Screen Removal Bargman L-300 Door Handle brakes Satellite Fuel Tank Fire Extinguishers Roof Antenna Tech Talk Forum Shortcut Motor Oil Window Generators headlights batteries Radiator AC Unit Grab Handle Wiper Blades Wiper Blades Door Locks Door Locks Door Locks Door Locks Rims Front Shocks Rear Shocks Front Tires Oil Filter Steps Roof Vent Awning Propane Tank Mirror Info Clearance Lights Clearance Lights Clearance Lights Clearance Lights Clearance Lights Spartan Chassis Gillig Chassis Freightliner Chassis P-32 Chassis MCC Chassis
    Forums    Tech Talk    Dual Roof Air Conditioning Electrical Wiring
Go to...
Start A New Topic
Search
Notify
Tools
Reply To This Topic
  
Dual Roof Air Conditioning Electrical Wiring
 Login now/Join our community
 
posted
I own a 1976 27' gasoline P30 Barth with two roof mounted air conditioners. I can operate both of them if I use the generator, but only one when I am on shore power because I am wired for only 35 amps. I want to operate both air conditioners off of shore power and I once saw an ad in a magazine for schematics to do this conversion. Can anyone remember who to contact to purchase those schematics. It allows you to ad a second 115v cable to the shore power outlet or gang the two into a 50 amp plug. I do not want to use the switching system sold by Camping World as it is not based on a sound system as I understand it. Any ideas on what has to be done, added, switched? Have you seen the ad in a classified column? Also, I would pay for copying a manual that is close to my year. Anyone have such a manual?
Thanks, Joel
 
Posts: 3 | Location: San Antonio, Texas | Member Since: 09-06-2001Reply With QuoteReport This Post
"First Year of Inception" Membership Club
Picture of davebowers
posted Hide Post
This data was sent to me from a guy on www.IRV2.com another great RV website.....


Dave, attached file shows the wiring for the back A/C break out. I used a locking twist lock plug. Make sure that the rear A/C is protected with a circuit breaker. Also found that Fleetwood had wired the microwave to the rear A/C circuit so we had to shut down the rear air to run the microwave.
Ken Wilson
kwilson@fessw.com
Conroe, Texas



------------------
http://albums.photopoint.com/j/View?u=1305037&a=10653417&p=36455289

[This message has been edited by davebowers (edited September 07, 2001).]
 
Posts: 1985 | Location: Eden Prairie, MN 55346 USA | Member Since: 01-01-2001Reply With QuoteReport This Post
"First Year of Inception" Membership Club
Picture of davebowers
posted Hide Post
The following is a very long answer to your question sent by jmerritt@zoomtown.com

A/C and 30 Amp

The genset has two circuits, a 30 amp that is wired to the main circuit panel which also powers one of the A/C units, usually the front. The other 20 amp circuit is wired direct for the other A/C unit. The 30 amp genset is usually wired through a time delay and a relay that selects between campground power and genset power. the time delay allows the genset to come up to operating speed before it powers anything. What you are getting with the genset is 50 amps through the two circuits. To be able to run both A/C units when hooked to the campground power will require either both a 30 amp and 20 amp source, or a 50 amp source. I think the best way to wire for campground power is to put a relay in that is powered by 20 amp genset or by a new 20 amp source from the campground. The relay will cost about $40 - $50 and you will need to wire in a new circuit that can be plugged in at the campground. I would wire another 30 amp chord that connects to the new relay just like the existing power line is wired. The relay that is in the unit now, is a double pole - double throw which in default mode provides power from the campground. When the genset is on it powers the realy to select the other side of the relay which is the genset. You need to wire the new relay the same way. You might also want to provide a time delay for the new circuit when on genset power by providing the new relays coil power from the existing 30 amp genset source. That way you don't need to get another time delay in the 20 amp genset circuit. So when you power up the genset both relays get energized and if you have the new circuit plugged in the second A/C will operate. This all assumes that the campground power panel that you plug into has capacity for 50 amps either by having separate 30 amp and 20 amp circuits or a 50 amp that you can split off of. You can wire a 50 amp adapter that can be split off for two circuits of 30 amp and 20 amp that you could plug the two rv chords into. The thing that you have to be careful of is that the 50 amp breaker won't trip unless the short circuit pulls 50 amps., which neither chord will be able to handle, so the risk is that you melt one of the chords. This will only happen if the short is between the circuit panel in the rv and the campground panel, not likely but can happen. That is why I like the two chord approach, you aren't compromising the circuit protection already built in. 30 amp chord will cost you about $1.50 a foot plus the cost of the connector which is about $10. I like the 30 amp chord because it is number 10 wire which will reduce resistance and is protected for the campground environment.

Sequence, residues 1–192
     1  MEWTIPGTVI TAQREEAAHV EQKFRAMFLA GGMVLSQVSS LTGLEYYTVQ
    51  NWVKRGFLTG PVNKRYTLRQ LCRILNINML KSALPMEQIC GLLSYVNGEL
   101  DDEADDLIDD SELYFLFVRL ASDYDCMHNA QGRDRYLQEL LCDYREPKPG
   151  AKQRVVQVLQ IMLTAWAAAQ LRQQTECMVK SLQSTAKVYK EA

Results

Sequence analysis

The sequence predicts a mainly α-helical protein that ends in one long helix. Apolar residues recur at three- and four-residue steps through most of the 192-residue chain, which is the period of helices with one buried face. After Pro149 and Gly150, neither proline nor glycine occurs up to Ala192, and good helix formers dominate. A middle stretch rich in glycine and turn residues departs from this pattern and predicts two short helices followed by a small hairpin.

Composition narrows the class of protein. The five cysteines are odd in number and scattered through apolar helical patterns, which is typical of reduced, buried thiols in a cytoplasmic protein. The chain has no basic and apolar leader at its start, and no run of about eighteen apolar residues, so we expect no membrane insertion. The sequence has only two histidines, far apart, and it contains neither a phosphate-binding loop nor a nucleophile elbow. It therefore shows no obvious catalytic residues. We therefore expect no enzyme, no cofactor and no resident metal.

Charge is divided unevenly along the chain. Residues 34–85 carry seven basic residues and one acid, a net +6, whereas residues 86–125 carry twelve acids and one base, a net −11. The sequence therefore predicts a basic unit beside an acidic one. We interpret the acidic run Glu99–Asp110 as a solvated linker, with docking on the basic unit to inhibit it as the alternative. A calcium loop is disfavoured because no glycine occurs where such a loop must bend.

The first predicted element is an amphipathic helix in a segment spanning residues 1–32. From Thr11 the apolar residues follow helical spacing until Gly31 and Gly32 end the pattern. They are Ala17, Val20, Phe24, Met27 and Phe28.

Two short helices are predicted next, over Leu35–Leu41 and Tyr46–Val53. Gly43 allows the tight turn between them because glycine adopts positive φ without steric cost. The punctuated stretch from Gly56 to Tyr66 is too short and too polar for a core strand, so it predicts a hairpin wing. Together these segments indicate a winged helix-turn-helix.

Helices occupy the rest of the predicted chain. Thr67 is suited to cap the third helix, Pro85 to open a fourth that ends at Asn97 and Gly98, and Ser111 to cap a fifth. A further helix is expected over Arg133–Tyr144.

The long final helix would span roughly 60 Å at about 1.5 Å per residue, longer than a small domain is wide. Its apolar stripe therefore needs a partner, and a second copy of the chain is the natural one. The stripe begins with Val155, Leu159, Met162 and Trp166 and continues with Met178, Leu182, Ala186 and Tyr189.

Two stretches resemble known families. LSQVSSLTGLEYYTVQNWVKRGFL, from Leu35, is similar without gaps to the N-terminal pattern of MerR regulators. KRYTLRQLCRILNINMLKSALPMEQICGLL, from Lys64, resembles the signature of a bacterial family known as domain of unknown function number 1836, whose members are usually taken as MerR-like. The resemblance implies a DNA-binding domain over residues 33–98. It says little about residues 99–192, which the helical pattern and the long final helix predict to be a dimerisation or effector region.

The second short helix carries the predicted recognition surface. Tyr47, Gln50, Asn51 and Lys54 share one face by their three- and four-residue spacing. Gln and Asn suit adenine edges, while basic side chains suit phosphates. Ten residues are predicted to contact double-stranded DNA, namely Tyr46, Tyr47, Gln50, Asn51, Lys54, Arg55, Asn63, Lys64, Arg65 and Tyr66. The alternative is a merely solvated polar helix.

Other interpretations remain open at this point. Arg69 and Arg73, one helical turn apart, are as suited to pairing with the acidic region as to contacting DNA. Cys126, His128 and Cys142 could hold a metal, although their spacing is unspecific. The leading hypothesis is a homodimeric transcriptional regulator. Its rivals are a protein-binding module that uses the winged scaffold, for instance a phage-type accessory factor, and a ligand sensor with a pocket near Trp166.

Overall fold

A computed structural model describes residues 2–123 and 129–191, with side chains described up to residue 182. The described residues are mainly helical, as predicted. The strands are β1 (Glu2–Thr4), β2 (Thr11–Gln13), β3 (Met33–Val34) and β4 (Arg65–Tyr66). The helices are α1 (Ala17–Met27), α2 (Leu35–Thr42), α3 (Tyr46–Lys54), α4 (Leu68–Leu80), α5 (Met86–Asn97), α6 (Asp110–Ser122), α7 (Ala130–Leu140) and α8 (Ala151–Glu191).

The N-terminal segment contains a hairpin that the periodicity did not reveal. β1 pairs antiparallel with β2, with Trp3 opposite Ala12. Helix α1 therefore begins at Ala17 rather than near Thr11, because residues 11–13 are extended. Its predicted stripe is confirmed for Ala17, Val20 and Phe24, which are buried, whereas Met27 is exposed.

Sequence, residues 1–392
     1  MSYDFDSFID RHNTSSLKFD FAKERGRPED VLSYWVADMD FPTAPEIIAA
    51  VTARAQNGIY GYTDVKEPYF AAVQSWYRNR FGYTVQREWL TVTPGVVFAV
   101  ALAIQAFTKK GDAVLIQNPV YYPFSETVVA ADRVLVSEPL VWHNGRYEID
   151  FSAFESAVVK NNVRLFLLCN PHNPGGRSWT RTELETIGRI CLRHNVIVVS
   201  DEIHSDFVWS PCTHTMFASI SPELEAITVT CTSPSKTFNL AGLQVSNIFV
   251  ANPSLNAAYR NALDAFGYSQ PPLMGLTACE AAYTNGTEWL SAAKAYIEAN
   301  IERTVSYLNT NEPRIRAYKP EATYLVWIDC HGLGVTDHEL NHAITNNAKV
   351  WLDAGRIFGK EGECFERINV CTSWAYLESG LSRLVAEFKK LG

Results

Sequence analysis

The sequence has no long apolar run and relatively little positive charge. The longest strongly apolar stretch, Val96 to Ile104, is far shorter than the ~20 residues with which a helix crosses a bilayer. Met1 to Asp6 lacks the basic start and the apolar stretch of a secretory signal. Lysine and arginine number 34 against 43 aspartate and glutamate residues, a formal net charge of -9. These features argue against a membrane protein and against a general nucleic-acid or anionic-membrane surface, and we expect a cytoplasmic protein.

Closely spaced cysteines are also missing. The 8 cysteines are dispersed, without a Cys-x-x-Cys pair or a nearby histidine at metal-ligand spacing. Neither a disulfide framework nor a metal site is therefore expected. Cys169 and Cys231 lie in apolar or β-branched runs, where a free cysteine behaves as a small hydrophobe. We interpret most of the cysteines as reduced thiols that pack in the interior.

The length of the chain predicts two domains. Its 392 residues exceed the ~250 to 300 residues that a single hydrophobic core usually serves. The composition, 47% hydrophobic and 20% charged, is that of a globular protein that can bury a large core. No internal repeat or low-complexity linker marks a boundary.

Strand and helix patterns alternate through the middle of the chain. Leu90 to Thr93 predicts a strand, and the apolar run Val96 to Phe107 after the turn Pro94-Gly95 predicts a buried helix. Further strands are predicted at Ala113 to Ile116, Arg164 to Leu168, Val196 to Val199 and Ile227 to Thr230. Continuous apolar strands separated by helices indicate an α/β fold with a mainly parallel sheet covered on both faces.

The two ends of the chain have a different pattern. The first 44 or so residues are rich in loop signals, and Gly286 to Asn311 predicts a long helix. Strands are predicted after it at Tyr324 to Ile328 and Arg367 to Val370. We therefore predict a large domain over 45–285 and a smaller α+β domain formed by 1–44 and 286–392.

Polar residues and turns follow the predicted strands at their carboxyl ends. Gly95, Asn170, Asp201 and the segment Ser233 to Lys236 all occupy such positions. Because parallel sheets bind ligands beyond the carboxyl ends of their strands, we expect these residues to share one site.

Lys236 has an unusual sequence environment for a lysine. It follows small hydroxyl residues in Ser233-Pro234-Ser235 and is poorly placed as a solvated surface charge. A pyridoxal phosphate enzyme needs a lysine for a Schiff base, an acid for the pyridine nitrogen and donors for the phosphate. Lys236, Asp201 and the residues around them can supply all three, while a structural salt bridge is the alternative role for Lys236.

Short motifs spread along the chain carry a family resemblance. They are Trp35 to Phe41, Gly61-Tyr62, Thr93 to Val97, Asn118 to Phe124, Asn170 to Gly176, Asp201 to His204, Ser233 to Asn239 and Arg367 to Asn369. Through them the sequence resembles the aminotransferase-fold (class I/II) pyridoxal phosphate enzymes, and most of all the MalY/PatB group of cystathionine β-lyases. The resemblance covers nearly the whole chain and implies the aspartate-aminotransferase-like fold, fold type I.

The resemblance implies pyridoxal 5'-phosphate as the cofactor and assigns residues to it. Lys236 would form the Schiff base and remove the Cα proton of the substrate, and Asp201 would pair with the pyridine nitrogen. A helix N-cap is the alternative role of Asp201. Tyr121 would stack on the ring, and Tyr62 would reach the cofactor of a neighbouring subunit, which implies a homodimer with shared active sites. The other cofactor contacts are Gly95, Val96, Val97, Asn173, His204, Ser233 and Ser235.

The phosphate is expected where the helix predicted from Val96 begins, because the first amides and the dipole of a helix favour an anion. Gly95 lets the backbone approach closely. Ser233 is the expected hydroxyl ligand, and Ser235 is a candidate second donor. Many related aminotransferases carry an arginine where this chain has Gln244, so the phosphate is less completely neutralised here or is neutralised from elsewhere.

Posts: 1985 | Location: Eden Prairie, MN 55346 USA | Member Since: 01-01-2001Reply With QuoteReport This Post
  Powered by Social Strata  
 

    Forums    Tech Talk    Dual Roof Air Conditioning Electrical Wiring

This website is dedicated to the Barth Custom Coach, their owners and those who admire this American made, quality crafted, motor coach.
We are committed to the history, preservation and restoration of the Barth Custom Coach.